seems like each week several new "We Buy Gold"
store-fronts open in our area. The new store openings seem to
correlate with the "Spot Price" of gold. The
higher the Spot Price, the more new stores open their doors.
of these stores have short term leases, and most will probably
not be around for very long. They are simply trying to take advantage
of the rush to scrap gold based upon today's high prices.
before you rush out and scrap you family's treasures and heirlooms
BEWARE!!! You had better understand "How
the Scrap Gold Game is Really Played" because if you
are not extremely careful, the windfall you are expecting may
end up in the gold dealer's pocket, and not yours.
Note: Different countries have different gold standards,
using different fineness standards, and different markings.
This article is designed for gold jewelry using the more common
24 karat standard, and gold that is clearly marked 18k, 14k,
and 10k. Although the principles covered here apply to other
gold standards and fineness, as well as gold coins, gold bars,
gold bullion, and gold decorative accessories, dealing with
that gold is intended for another article.
are several key factors that must be considered when valuing gold.
fineness of the gold.
weight of the gold.
spot price of the gold.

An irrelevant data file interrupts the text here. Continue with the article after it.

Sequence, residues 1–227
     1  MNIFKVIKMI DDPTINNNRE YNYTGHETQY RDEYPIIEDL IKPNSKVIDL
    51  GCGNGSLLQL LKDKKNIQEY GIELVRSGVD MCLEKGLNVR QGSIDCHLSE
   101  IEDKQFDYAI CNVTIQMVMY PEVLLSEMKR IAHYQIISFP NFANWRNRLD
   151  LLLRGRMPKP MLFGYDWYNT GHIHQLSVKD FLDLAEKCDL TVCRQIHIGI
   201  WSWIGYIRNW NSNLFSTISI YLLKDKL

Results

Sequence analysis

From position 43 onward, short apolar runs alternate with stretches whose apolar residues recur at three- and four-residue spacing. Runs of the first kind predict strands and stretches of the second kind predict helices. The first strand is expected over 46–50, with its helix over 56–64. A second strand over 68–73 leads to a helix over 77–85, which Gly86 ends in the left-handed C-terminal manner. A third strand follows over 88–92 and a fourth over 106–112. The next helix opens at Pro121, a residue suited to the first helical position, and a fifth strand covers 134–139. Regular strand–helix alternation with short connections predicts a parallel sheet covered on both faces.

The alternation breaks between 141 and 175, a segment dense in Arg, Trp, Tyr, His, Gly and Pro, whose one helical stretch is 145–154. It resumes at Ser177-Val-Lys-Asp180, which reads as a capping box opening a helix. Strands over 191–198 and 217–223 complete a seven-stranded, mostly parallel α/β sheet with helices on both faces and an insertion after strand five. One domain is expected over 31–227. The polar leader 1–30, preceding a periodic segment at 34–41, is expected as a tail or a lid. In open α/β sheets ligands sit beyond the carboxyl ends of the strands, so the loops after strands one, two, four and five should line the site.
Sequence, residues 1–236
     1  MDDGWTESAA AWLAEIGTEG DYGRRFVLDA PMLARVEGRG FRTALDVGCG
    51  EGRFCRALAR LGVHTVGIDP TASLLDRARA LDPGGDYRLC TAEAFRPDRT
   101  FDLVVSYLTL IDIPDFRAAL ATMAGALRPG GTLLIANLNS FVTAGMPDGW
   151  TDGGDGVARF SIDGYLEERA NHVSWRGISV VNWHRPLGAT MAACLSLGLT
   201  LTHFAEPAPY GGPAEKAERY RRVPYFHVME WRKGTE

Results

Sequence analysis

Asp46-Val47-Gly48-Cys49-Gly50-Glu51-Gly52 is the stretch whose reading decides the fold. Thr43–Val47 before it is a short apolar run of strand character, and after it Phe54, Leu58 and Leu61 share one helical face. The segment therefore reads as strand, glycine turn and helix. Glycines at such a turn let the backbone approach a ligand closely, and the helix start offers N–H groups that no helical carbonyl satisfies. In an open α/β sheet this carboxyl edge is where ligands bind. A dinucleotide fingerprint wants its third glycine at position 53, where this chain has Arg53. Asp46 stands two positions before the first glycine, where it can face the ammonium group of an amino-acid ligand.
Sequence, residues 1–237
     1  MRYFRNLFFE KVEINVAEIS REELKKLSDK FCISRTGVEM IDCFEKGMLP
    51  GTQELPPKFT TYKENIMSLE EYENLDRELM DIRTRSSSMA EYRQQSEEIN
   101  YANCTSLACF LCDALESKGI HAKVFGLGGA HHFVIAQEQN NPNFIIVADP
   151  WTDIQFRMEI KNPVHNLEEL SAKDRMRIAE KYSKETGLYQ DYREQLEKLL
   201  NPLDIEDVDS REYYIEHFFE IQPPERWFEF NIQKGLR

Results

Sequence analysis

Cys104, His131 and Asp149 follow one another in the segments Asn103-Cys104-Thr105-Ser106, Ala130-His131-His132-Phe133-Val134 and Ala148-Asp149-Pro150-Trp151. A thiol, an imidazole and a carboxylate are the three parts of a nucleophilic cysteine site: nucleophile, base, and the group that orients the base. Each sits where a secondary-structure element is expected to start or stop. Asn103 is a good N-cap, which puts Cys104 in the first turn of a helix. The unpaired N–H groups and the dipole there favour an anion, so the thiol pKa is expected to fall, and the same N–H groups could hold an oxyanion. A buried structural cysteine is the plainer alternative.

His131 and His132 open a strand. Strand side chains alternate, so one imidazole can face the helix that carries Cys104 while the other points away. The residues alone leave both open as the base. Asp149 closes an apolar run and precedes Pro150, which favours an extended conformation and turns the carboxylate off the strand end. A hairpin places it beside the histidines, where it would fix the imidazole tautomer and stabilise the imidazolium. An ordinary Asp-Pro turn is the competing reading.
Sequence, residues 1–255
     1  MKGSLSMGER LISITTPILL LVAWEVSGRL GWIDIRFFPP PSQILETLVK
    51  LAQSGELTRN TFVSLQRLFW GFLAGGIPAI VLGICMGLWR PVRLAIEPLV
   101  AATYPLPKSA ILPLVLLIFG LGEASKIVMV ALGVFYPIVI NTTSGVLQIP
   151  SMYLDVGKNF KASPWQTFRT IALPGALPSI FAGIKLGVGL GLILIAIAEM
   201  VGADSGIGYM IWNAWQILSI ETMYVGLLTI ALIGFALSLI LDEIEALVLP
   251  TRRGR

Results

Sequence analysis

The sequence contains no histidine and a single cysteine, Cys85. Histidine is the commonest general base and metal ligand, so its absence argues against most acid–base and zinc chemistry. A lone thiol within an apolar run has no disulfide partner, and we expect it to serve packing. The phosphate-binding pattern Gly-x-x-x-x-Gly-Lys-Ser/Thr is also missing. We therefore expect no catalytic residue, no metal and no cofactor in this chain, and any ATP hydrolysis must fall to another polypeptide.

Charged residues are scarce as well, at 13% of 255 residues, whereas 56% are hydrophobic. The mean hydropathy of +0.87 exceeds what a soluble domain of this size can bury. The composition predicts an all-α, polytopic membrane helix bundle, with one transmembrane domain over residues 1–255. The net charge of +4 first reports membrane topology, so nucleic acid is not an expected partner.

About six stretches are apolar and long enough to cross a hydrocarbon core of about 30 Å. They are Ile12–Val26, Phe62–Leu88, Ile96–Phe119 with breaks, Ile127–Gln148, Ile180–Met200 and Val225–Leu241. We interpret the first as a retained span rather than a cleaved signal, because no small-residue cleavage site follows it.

percentage of spot price that gold dealers will actually
is a 5-step approach to understanding "How the Scrap Gold
Game is Really Played".
1: Determine the "GOLD FINENESS": Pure .999 gold
is 24 karat, or 24k. Pure gold is a soft and malleable metal,
and by itself is too soft to use for jewelry. Rather the gold
is mixed with a base metal (e.g., copper) to strengthen the metal
and vary the fineness of the gold.
gold is 75% pure gold, and 25% base metal.
gold is 58.3% pure gold and 41.7% base metal.
gold is 41.7% pure gold and 58.3% base metal
that 10k is the minimum legal karat-age allowed to be called
"Gold" in the U.S.
tiny and often difficult to read, the karat fineness (18k, 14k,
10k, etc.) is usually (but not always) impressed somewhere on
the gold. Often a magnifying glass is needed to read the marking
so be prepared to have at least a 10x power magnifying glass nearby.
However, remember that some gold is unmarked and can only be verified
by testing. (We can test it for you.)
2: Calculate the "GROSS ITEM WEIGHT": You must understand
that only the gold has value. There is no gold value to metal
pins, metal clasps, stones, etc. The dealer will literally rip
all such non-gold apart and weigh only the gold content. Once
it's ripped apart, the jewelry's intrinsic value is gone so be
100% certain that you are ready to let the item go before proceeding.
And remember to take the stones because they may have a separate
Spot Price is quoted in Troy Ounces. However, many non-jeweler's
scales will yield "Avoirdupois Ounces" which
are different from Troy Ounces. Since gold spot prices are quoted
in "Troy Ounces", you will need to convert the
"Gross Item Weight" from Avoirdupois Ounces to
Troy Ounces using a conversion factor. This will yield the "Gross
Item Weight" in Troy Ounces.
Ounces apply when dealing with larger amounts of gold. But when